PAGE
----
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SIR AUBREY DE VERE (1788–1846) Mackensie Bell 507
(Rydal with Wordsworth)

508
(The True Basis of Power).

510

.

SONNETS,

1. Waterloo
II. The Rock of Cashel
III. The Sea-Cliffs of Kilkee
iv. Glengariff (I.)
v. Glengariff (II.)
VI. The Children's Band
vii. The Right Use of Prayer
VIII. The Brotherhood of Christ.

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PERCY BYSSHE SHELLEY (1792-1822)

Horace G. Groser 515
HYMN TO INTELLECTUAL BEAUTY

533
STANZAS WRITTEN IN DEJECTION NEAR NAPLES 536
INDIAN SERENADE-I arise from Dreams

538
ODE TO THE WEST WIND

539
THE CLOUD.

542
TO A SKYLARK

545
HYMN OF PAN

549
EPIPSYCHIDION

551
ADONAIS: An Elegy on the Death of John Keats 559
To : “One word is too often profaned”. 577
TO NIGHT

578
SONG-Men of England

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PROMETHEUS UNBOUND-

1. Prometheus defying Jupiter
11. The Gifts of Prometheus to Mankind
III. Asia's Song: “My Soul is an Enchanted

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Boat”.

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587

iv. The Fall of Jupiter
THE CENCI-

1. The Speech of Beatrice
11. The Death Sentence

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Robert Southey

to

Percy Bysshe Shelley

Robert Southey.

1774-1843

ROBERT SOUTHEY, poet, essayist, and historian, was born at Bristol on the 12th of August, 1774. His father, who was a linendraper, gave him such advantages as local schools afforded, until the year 1788, when his uncle, the Rev. Herbert Hill, sent him to Westminster School. Here he remained four years, and made several friends who were useful to him in after life, and in conjunction with whom he started a school periodical called The Flagilant, in which he distinguished himself by denouncing the brutal and demoralizing administration of corporal punishment that obtained in his time, for which offence he was expelled the school in 1792. Proceeding to Oxford in the following year he entered Balliol College, where his study does not seem to have profited him much. All I learnt,” he said himself, was a little swimming "_" and a little boating.”—“I never remember to have dreamt of Oxford,-a sure proof how little it entered into my moral being; of school, on the contrary, I dream perpetually.” In 1794 Coleridge was introduced to him at Oxford, and formed with him an enthusiastic friendship. At this time Southey was much disturbed as to his future career, and was thinking seriously of emigration, when Coleridge breathed into his willing ear the idea of the Pantisocracy,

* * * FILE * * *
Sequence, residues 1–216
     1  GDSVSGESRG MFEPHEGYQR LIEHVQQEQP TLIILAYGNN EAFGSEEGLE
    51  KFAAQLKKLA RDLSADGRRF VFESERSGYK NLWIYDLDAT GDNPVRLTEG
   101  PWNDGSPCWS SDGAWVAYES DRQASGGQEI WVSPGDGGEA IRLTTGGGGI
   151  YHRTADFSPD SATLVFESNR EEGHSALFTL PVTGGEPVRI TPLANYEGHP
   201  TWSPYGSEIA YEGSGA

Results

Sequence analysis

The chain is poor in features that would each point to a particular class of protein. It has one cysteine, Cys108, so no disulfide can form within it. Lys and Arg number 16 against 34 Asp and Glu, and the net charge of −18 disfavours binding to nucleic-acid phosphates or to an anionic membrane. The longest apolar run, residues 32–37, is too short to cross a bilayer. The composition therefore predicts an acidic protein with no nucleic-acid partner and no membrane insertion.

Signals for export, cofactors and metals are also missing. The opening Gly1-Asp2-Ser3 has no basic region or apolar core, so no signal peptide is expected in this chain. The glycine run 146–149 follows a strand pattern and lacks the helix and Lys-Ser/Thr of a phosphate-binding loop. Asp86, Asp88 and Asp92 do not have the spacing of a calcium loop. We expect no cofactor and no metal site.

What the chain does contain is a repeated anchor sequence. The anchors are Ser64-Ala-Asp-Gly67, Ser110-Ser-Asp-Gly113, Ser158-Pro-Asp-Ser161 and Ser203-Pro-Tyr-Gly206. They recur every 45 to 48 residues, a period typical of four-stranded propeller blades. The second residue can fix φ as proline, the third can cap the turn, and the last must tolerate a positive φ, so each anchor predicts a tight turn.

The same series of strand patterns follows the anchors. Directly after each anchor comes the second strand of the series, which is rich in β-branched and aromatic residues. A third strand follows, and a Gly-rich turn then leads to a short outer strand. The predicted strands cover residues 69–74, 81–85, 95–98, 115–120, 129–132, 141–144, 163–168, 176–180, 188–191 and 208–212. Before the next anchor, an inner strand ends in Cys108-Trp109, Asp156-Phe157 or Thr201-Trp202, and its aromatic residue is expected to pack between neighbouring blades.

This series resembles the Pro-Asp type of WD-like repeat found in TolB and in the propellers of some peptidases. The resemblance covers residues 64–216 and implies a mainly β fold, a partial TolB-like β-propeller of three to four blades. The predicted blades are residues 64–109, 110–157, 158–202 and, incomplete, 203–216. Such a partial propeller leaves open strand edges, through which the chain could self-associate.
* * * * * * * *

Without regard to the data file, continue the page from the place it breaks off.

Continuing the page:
scheme of a humanitarian and socialistic character, for the founding of a new state, on communistic lines, under the free skies of the western republic. This rosy fancy kept possession of their minds for some time, and a number of adherents were secured including Robert Lovell, a college companion of Southey's, and the poetic partner of his first volume. Want of capital, however, proved a supreme difficulty, and the Pantisocracy, like so many other dreams of the enthusiastic, faded naturally away.

In 1795 Southey's first volume appeared under the title of “Poems,” etc., “by Robert Lovell and Robert Southey, of Balliol College.” This was followed in 1796 by “Joan of Arc,” which, like his “Wat Tyler,” written in 1794, and surreptitiously published in 1817, was largely fired by the excitement of the French Revolution; and in 1797 by a volume of miscellaneous poems.

The poet's future now became the serious consideration. His uncle, who had generously borne the cost of his education, desired him to enter the Church, but for conscientious reasons he felt bound to decline this course, Surgery was proposed, but “the horrors of the dissecting room were beyond endurance, and this idea was also abandoned. The law was next thought of, but at this juncture the poet's uncle proposed that he should go abroad for six hs, learn something of the literature and languages, the poetry and history of Europe, and then return to the study of the law. This opportunity timed well with Southey's necessities. His means were now of the slenderest description, and dinnerless days and supperless nights were no uncommon experience with him, Here was six

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